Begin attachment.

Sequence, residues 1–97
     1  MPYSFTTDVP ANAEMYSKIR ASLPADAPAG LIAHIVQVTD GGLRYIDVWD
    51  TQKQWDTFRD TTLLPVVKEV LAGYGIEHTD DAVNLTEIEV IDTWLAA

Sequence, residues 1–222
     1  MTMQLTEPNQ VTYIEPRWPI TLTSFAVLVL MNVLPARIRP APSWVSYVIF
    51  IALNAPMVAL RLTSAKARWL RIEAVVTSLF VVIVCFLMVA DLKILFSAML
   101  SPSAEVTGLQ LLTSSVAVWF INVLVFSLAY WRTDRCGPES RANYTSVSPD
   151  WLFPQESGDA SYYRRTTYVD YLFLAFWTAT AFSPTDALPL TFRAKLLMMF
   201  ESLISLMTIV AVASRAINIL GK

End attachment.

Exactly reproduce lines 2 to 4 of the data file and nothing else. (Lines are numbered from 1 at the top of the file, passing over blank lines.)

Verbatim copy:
     1  MPYSFTTDVP ANAEMYSKIR ASLPADAPAG LIAHIVQVTD GGLRYIDVWD
    51  TQKQWDTFRD TTLLPVVKEV LAGYGIEHTD DAVNLTEIEV IDTWLAA

Sequence, residues 1–222